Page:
Another Dissection. True to her word, Straka takes another deep-dive into perceptions of socio-political and cultural lives, this time exploring the shifts in gender and cultural power, particularly in the arts and film, that have exploded in the wake of Harvey Weinstein’s downfall.
Heather Straka’s insightful explorations, through her different approaches in the dual mediums of paint and film, have created a significant body of compelling and often controversial work. With an MFA in Film, Straka demonstrates technical control of her medium and coupled with a finely modulated handling of her contentious subject matter, she deftly questions tradition, challenges the politically correct, and subverts expectations.
This latest series of photographs expands on her two previous series, The Anatomy Lesson and Blood Lust, bringing together a new team under her direction that explicates Straka’s usual subversive dark-humoured play with stereotypes while referencing a number of art historical tropes. This time she is focussed on efforts at extinguishing the status quo via the torching of that cultural referent widely recognised as symbolic in cultural life in New Zealand-Aotearoa through the Jane Campion film of the same name, The Piano.
Rising above nationalist concerns in this year marking the 250th anniversary of Cook’s first voyage, Straka has carefully orchestrated her model choices to reflect the gender and ethnic stereotypes explored in her paintings. Individually power dressed but united by standardised red armbands as if in uniform, serious-minded women contemplate the symbols of colonial repression about to be incinerated at their hands; a non-binary African airline hostess screams Straka’s frustration to the world and the return of a burqua babe model illuminate high-vis diversity; while hulking men attempt to halt this process in a failed raising of the flag of domination; leaving a dishevelled child amidst the rubble contemplating his and the planet’s future; it’s a fresh dystopian Straka take on the mad world, in advertising, in film and in reality.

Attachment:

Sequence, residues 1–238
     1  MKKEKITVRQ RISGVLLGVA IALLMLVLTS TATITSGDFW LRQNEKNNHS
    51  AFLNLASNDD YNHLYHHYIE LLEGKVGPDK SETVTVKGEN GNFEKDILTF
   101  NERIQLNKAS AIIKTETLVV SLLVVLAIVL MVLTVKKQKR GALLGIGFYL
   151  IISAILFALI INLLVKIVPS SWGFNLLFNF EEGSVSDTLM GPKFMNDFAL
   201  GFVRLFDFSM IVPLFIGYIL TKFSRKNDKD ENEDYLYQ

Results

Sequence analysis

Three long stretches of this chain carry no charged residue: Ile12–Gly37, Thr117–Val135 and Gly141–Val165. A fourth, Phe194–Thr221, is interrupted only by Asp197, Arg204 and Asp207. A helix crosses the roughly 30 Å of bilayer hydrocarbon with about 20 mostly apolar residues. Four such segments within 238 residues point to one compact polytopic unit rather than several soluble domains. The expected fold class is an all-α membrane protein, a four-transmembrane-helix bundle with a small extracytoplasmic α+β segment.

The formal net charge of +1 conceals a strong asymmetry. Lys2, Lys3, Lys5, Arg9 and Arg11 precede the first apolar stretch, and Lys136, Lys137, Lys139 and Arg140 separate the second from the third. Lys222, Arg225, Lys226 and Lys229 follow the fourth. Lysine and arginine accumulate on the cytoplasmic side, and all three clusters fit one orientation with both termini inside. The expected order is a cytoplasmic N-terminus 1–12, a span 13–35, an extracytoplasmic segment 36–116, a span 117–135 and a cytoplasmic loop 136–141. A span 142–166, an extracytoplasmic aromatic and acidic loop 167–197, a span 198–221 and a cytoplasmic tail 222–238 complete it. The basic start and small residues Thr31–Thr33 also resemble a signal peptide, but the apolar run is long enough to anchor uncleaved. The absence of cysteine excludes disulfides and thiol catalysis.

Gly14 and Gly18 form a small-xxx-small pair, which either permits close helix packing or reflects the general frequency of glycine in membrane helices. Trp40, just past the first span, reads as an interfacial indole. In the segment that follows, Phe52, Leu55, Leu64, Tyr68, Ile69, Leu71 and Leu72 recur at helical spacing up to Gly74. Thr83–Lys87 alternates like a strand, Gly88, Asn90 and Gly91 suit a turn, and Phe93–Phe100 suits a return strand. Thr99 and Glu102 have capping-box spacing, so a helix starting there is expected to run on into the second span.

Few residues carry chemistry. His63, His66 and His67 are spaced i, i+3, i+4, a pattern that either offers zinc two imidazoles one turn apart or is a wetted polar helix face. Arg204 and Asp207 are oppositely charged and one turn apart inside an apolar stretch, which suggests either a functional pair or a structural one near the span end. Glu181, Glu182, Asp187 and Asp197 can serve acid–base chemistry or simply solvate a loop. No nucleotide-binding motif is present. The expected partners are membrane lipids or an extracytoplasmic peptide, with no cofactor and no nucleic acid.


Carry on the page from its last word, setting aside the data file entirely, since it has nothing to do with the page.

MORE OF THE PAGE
Everything is grist to Straka’s mill, with no apologia. Unafraid to confront racist and sexist stereotypes, Straka’s engagement with such debate is a core part of her practice, her caustic gaze skewering and illuminating her subject matter.
Graduating BFA in Sculpture at the University of Auckland’s Elam School of Fine Arts in 1994, Straka honed an acute attention to detail later carried through to her painting practice, developed over several years spent in France. Straka returned to New Zealand to her first exhibition of paintings in 1998, later graduating with an MFA in Film from Canterbury University’s Ilam School of Fine Arts in 2000. Since then Straka has been awarded several scholarships and residencies: in 2002 she was presented the Pierce Low Award for Excellence in Painting from the Royal Overseas League, London; was awarded New Zealand’s esteemed Frances Hodgkins Fellowship in 2008; and the William Hodges Fellowship in 2011. Her work is held in all New Zealand’s major public collections.
Heather Straka warmly thanks her contributors to participants in this project.